Coffee Bean Flavor Starts With Climate and Growing Region

There are many factors that influence the flavor of coffee beans. Ultimately the nuances we coffee geeks (aka coffee professionals) look for start with the soil the trees are grown in. There are other factors that come into play such as climate, soil, rain, sun, harvesting, processing, storage and roasting that all play a role in why coffee tastes the way it does. And we are not talking about flavors like vanilla-hazelnut or chocolate cream pie surprise; those types of ‘flavors’ are additives added after roasting (actually the beans are soaked in a flavor concentrate and absorb the flavor…ewww!) Nothing natural about that! However in this discussion, we will focus on the coffee origin that starts with climate and region. After all, that is where it all starts.

There are several countries that produce Arabica coffee beans. Obviously they cannot be grown in every country or they would be. Coffee beans need to have the right climate and altitude in order to survive. Each country must be located in a geographical zone capable of sustaining a coffee tree. The optimal climate has to fall into one of two categories: subtropical or equatorial.

The subtropical region boasts an altitude of 1800-3600 ft. This would include parts of Brazil like the Sao Paulo state as well as Zimbabwe in Africa and Mexico. The climate conditions allow for one growing season and one maturation season because of the equal rainy and dry seasons.

The equatorial regions with an altitude of 3600-6300 ft would be those found in say Ethiopia, Kenya and Colombia. These regions haven’t any dry season so all drying of processed coffee beans has to be done by mechanical means not by mother nature. She is not so dependable when you need 4 wks to dry coffee outside on a patio and the rain is not letting up. The upside is that frequent rainfall allows for two harvesting seasons.

When you actually break down the origin by continent, you would have a list as follows:

North America and the Caribbean – Hawaii is known mainly for Kona coffee which gets its much sought after characteristics from the rich volcanic soil. The Mexican states of Veracruz, Oaxaca and Chiapas boast a cup of coffee with a wonderful aroma and a depth of flavor, often with a pronounced sharpness. Puerto Rican coffee is known for its balanced body, acidity and fruity aroma.

Central America – Guatemalan coffee beans are medium-to-full bodied coffees that usually have a depth and complexity of taste that is almost spicy, nutty or chocolaty. Costa Rica is known for coffee that is a perfect balance and full bodied. Panama coffees are anywhere from intensely acidy to delicately and brightly floral.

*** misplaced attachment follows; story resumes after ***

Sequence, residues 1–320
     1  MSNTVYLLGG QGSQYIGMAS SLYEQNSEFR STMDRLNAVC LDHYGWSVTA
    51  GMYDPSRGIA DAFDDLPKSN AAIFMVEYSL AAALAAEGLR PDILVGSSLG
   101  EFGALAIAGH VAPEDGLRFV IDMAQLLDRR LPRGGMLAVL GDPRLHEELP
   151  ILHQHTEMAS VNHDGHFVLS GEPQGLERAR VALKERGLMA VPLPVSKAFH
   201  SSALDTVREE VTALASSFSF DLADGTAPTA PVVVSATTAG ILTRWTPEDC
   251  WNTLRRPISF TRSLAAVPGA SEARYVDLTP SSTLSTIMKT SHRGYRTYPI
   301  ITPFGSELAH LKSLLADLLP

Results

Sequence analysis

South America – Colombian coffees are generally mild, with a well-balanced acidity and overall sweetness while Brazil, still sweet to taste tends to offer a more low-acid, medium bodied coffee.

Africa and the Middle East – Ethiopia has three main growing regions for coffee beans which are Sidamo, Harer and Kaffa. When tasted, Ethiopian coffee tends to be full flavored, a tad ‘earthy’, taste of berries, winey in character and full bodied. Kenya coffee is sharp with a fruity acidity. Kenyan also offers a full body and rich fragrance.

Arabia – Yemen is a deep and rich flavored coffee. Fun fact – Mocha Java was an accidental blend of Arabian coffee and beans from the island of Java.

Asia – Indonesia is known for the islands of Sumatra, Java and Sulawesi (Celebes) that produce a rich, full body and mildly acidic coffee. Vietnam produces mainly Robusta coffee. Vietnamese single origin coffees has a light acidity and mild body with a good balance. It is usually used for blending, especially in espresso blends.

When we roasters blend coffee beans to come up with something original, we usually start with a flavor profile that we want to accomplish and work backwards. That is why having a working knowledge of all types of coffees is a good prerequisite for blending. Of course you will have your ‘purists’ that say if a Guatemalan Estate coffee cups at a score of 90, why not let it stand on its own? They don’t agree with blending and say it’s a way to cover up defects in the cup. Well true it does that, however I do not believe that anyone would intentionally do that. This profession has so much passion that I believe anyone in it is in it 100%. By that, I feel that we are all striving for our absolute best so we go out of our way to ensure the product meets or exceeds every expectation. I believe that blending gives a certain creativity to a roaster that would only be available in a particular roasting profile.

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